Data sharing is one of the major challenges of machine learning models. The advent of techniques such as federated learning, differential privacy, and split learning have solved data silos, privacy, and regulatory issues in a big way.
In this article, we’ll look at split learning, a new technique developed at the MIT Media Lab that allows machine learning models to be trained without sharing raw data. The technique solves challenges like data silos, data sharing, etc.
Most importantly, Split Neural Networks (SplitNN) does not share raw data or model details with collaborating institutions. Configurations meet the practical parameters of entities holding different modalities of patient data; centralized and local health entities collaborating on multiple tasks; and learning without sharing labels, the article, Split learning for health: Distributed deep learning without sharing raw patient data, showed this.
The researchers compared the performance and resource efficiency tradeoffs of split learning and other methods like federated learning and large-batch synchronous stochastic gradient descent. The results showed the
How Split Learning Works
SplitNN is a distributed and private deep learning technique for training deep neural networks on multiple data sources without the need to directly share labeled raw data. SplitNN solves the problem of training a model on multiple data entities.
The model is divided into several split-training sections, each trained on a different client. For example, the data being trained may reside on a supercomputing resource or on multiple clients participating in the collaborative training. However, none of the clients forming the model can “see” each other’s data.
Techniques are applied on the data, which encode the data in a different space before sending it to train the model. Since the model is split into several sections and each of these sections is trained on a different client, the network training is deferred by transferring the weights from the last layer of each section to the adjacent (or next) section. Thus, only the weights of the last layer (also called the cut layer) of each section are sent to the next client, and no raw data is shared between clients.
As shown in the figure above, the training layer of SplitNN is marked by the green line, representing the cut layer. The upper part of the model is trained on the server and the lower part of the model is trained on multiple clients.
These steps continue until the distributed shared learning network is trained without looking at each other’s raw data.
For example, a split learning setup allows local hospitals with smaller individual data sets to collaborate and build machine learning models that deliver superior healthcare diagnostics without sharing raw data.
Simple Vanilla Split Learning
This is the simplest SplitNN configuration, as shown in Figure (a). For example, in this framework, each customer (for example, a radiology center) forms a partial model down to a specific layer called the “cutting layer”. Then, the outputs at the cut layers are sent to a server which completes the rest of the training without seeing the raw data (example: radiology images) from the clients.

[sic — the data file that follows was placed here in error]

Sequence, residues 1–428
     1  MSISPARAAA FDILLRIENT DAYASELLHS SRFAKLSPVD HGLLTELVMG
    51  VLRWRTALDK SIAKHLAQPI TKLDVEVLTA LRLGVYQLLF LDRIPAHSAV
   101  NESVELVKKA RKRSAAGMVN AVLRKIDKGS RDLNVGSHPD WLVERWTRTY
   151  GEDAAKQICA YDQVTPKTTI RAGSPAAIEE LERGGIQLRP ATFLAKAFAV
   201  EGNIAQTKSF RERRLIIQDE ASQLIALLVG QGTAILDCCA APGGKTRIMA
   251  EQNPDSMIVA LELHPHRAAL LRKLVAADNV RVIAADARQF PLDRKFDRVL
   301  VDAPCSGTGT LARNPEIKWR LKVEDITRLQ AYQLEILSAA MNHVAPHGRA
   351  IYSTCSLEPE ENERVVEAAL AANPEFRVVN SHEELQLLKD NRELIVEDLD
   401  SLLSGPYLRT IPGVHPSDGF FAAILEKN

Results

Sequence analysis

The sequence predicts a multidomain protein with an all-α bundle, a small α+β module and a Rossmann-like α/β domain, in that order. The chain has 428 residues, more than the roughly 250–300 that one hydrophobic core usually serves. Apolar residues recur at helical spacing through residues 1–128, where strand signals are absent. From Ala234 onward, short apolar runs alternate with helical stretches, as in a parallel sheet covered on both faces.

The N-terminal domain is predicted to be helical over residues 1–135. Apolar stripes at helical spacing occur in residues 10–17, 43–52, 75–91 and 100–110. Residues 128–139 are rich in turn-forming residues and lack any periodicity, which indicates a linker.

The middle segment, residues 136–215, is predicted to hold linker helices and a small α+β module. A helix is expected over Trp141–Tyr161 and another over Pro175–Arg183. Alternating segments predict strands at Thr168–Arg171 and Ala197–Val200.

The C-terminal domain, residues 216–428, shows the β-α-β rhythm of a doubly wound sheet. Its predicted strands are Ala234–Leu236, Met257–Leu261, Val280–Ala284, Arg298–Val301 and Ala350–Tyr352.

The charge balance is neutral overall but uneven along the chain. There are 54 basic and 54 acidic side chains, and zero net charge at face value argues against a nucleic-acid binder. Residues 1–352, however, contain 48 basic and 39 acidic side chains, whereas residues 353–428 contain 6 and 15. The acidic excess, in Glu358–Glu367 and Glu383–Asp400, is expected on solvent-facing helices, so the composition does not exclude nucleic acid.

This completes a forward propagation cycle without sharing any raw data. Gradients are now propagated back to the server from its last layer to the cut layer. Finally, the gradients at the cut layers are sent back to the radiology customer centers.
The rest of the backpropagation is now complete in the radiology customer centers. This process continues until the SplitNN is trained without looking at the raw data of the other.
Label-free split learning
As shown in the image above (Figure (b)), the network is wrapped around the server network edge layers and the output is fed back to the client entities. While the server keeps most of its layers, the clients generate the gradients from the final layers. This is then used for backpropagation without sharing the corresponding tags.
For example, tags contain very sensitive information such as patient status. The configuration is ideal for distributed deep learning.
Split learning for vertically partitioned data
This type of setup allows multiple institutions holding different modalities of patient data to learn distributed models without revealing or sharing the data. As shown in the image above (figure c), the configuration of SplitNN is suitable for multi-modal multi-institutional collaboration.
For example, radiology centers want to collaborate with pathology testing centers and a server for disease diagnosis. Therefore, radiology centers holding imaging data modalities form a partial model down to the cutting layer. Similarly, pathology test centers with patient test results form a partial model down to its own cut layer.
Once done, the cut layer level outputs from these two centers are then concatenated and sent to the disease diagnosis server which forms the rest of the model. These steps are repeated to train the distributed deep learning model without sharing each other’s raw data.
Simple distributed deep learning setups cannot handle various practical configurations of collaboration between healthcare entities. This is where SplitNN comes in. Additionally, SplitNN is versatile, allowing many plug-and-play configurations depending on the application. SplitNN is also scalable for large scale settings. Furthermore, the limits of resource efficiency can be pushed further in distributed deep learning by combining SplitNN with neural network compression methods for seamless distributed learning at the edge.
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